Very Funny and Very Strange TARTUFFE at Temple Repertory Theater

by Michael Schwartz

Emmanuelle Delpech, the director of Temple Repertory Theater’s production of Moliere’s TARTUFFE, makes some very interesting choices. Some of them worked for me, and others did not—plus there were a few during which, if I were the sort of person who texted during plays, I would probably have texted my friends with several iterations of “WTF?” I’ll get to those moments as coherently as I can shortly. What I want to concentrate on for the moment is a terrific choice Delpech made to open the show. The terrific choice’s name is Michael Grant, and he plays Laurent, Tartuffe’s assistant—not one of world drama’s meatiest roles (he’s generally dispensed with as an offstage figure). Delpech gave Grant the job of greeting the audience, but “greeting” doesn’t quite cover it—he messes with them, cracks jokes (all in character), and enlists an audience member to help him inflate a dummy who will stand (or hang) in a very prominent position throughout the show. What Grant does is absolutely crucial to this particular production: he introduces an air of gleeful impudence that overpowers nearly all the reservations I could come up with—and as I look back over my notes, I see that I came up with plenty. But no matter: when you’re laughing, you forgive a lot.

Stefanee Martin, Genevieve Perrier, and Robert Carlton in a scene from Temple Repertory Theater's TARTUFFE, running in Philadelphia through July 29. (Photo Credit: E. Delpech)

TARTUFFE, of course, was and remains Moliere’s masterpiece of skewering religious hypocrisy, and the Temple production is at its best when Moliere’s machinations are allowed to dominate. Delpech and company take the story of the gullible Orgon (a pugnacious David Ingram) and his systematic undoing by the ultimate phony holy man Tartuffe (an amusingly slimy Rob Kahn), and update it to present-day Main Line Philly. Many of the actors appear in whiteface and all of them are put through their paces in a variety of stylized movements (in equally stylized costumes designed by Jamie Grace-Duff) that call attention to Moliere’s drawing his characters from commedia dell’arte. So far, so good, but the physical business interferes with the pace, which often seems to be set by the slowly rotating ceiling fan prominently lit above center stage. The emphasis on physicality causes Delpech to make her gravest staging error: in one of the most hilarious (and horrifying) scenes ever written, Tartuffe nearly rapes Orgon’s wife Elmire with Orgon hiding under the table Tartuffe is using for the purpose. In this production, we see Orgon under the table in clear view, thus rendering the scene nonsensical. Then there’s Rebecca Rich as Cleante, the sensible brother-in-law, outfitted with a paint-on mustache that emphasizes the artificially masculine role she’s portraying because…well, I’m just not sure. Further, there’s the problem of finding modern equivalents for Moliere’s 17th century France. The King’s Officer, for example, who serves as Moliere’s deus ex machina in restoring Orgon’s home and dispensing justice, is transformed into an Afghan war vet wearing an Obama T-shirt because…well, I’m just not sure. Obama is our King? Obama thinks he’s a king? We think Obama is a king? (I haven’t even mentioned the Bailiff as a Dunkin’ Donuts coffee-drinking Philly cop.) As I said, there’s a fair amount of “WTF” on display.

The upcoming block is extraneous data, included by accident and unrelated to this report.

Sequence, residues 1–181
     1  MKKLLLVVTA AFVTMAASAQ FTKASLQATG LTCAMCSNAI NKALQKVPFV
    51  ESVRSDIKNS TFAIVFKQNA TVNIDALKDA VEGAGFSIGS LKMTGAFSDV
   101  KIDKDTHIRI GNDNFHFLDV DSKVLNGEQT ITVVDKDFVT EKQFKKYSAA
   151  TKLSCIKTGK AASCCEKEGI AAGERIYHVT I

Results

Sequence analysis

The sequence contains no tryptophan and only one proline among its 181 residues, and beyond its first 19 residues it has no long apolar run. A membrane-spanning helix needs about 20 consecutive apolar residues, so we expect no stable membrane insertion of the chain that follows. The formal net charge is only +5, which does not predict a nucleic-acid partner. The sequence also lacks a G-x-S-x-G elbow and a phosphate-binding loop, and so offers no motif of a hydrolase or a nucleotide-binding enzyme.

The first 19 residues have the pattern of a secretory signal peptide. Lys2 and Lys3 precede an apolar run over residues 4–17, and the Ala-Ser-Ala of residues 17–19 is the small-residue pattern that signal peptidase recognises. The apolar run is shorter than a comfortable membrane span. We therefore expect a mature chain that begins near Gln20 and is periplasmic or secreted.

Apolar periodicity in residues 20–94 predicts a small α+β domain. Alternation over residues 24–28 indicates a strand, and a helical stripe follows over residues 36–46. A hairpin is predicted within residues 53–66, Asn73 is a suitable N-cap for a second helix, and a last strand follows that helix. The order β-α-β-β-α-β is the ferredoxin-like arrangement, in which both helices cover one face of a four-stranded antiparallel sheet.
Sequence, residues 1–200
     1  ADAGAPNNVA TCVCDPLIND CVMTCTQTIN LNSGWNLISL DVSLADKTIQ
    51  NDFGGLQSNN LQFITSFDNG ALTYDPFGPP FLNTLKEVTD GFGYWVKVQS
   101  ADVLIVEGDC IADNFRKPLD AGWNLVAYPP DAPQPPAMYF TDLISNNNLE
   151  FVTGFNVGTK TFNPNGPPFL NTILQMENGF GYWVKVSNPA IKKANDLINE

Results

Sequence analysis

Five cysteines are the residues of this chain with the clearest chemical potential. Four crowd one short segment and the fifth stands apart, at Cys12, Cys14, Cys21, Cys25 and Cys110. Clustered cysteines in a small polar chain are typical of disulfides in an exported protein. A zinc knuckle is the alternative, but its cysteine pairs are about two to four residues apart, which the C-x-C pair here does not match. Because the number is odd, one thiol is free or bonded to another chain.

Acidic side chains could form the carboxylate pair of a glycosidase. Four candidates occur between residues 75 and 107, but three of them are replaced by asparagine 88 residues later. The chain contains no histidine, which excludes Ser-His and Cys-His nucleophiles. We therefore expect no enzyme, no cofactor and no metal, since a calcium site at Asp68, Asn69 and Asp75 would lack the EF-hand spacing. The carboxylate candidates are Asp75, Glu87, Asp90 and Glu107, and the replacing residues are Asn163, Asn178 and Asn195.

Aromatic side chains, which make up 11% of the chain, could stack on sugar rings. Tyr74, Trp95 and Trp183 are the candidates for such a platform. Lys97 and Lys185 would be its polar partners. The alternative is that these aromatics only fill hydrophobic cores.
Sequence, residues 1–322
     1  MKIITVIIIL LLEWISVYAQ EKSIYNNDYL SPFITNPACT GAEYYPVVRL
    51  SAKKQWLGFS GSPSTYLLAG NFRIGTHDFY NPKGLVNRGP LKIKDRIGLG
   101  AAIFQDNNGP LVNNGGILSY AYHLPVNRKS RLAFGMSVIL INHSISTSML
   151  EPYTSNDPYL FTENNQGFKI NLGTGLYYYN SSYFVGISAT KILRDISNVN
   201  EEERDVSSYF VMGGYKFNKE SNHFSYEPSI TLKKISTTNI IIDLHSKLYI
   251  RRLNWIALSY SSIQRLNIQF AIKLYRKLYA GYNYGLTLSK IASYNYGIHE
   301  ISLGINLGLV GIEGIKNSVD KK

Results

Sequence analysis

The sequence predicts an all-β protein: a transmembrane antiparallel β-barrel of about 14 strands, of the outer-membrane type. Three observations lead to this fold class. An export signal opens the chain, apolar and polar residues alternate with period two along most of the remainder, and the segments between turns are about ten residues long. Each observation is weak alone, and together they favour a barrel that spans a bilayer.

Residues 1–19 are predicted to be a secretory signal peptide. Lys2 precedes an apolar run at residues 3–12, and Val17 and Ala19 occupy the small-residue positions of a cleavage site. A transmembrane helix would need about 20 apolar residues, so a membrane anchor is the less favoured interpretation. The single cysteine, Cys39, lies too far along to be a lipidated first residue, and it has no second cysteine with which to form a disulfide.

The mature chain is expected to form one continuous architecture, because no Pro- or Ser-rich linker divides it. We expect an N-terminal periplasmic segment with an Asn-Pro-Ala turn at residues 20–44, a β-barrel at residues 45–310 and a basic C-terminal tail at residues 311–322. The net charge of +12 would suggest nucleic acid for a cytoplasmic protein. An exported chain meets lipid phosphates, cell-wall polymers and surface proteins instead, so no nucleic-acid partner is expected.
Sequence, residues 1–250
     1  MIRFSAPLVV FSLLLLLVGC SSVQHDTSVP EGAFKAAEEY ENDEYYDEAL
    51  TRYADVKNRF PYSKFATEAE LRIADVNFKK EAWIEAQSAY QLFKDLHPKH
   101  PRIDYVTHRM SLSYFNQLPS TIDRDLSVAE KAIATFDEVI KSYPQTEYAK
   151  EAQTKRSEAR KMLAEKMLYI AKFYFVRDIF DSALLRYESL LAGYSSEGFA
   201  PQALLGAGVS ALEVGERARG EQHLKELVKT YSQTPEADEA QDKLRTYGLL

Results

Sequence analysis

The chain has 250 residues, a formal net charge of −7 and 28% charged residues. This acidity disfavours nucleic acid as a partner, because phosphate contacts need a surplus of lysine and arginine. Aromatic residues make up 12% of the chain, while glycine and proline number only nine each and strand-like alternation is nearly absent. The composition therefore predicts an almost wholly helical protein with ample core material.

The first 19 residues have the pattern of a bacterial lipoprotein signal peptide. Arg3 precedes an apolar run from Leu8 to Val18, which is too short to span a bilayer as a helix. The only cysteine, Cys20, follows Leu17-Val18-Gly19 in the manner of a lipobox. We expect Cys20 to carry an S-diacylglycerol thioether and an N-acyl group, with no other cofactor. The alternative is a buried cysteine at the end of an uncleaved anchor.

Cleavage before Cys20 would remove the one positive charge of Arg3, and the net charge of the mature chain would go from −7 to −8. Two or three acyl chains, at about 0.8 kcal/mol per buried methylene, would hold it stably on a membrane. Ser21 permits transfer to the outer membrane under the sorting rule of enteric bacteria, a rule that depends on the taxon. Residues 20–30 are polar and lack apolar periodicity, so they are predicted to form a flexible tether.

Nevertheless, TARTUFFE holds up remarkably well, and while the performances and staging seem at times to be at odds with Moliere’s story, there is good work from Stefannee Martin as Orgon’s eager-to-please daughter and Robert Carlton III as her intended, and even better work from Kate Czajkowski as Elmire (amusingly re-imagined as a dresses-too-young stepmom) and Genevieve Perrier, giving some new life to the familiar “oh-no-she-didn’t” Latina maid (again, not what Moliere had in mind, but still funny). Between the new elements that are strange but funny, and Moliere’s story, which is consistently sharp as well as funny, there’s more than enough reason to visit Temple Repertory Theater to become, for an evening, “Tartuffified.”

by Moliere
Directed by Emmanuelle Delpech
June 25-July 29, 2011
Temple Repertory Theater
Randall Theater
2020 N. 13th Street
Philadelphia, PA 19122

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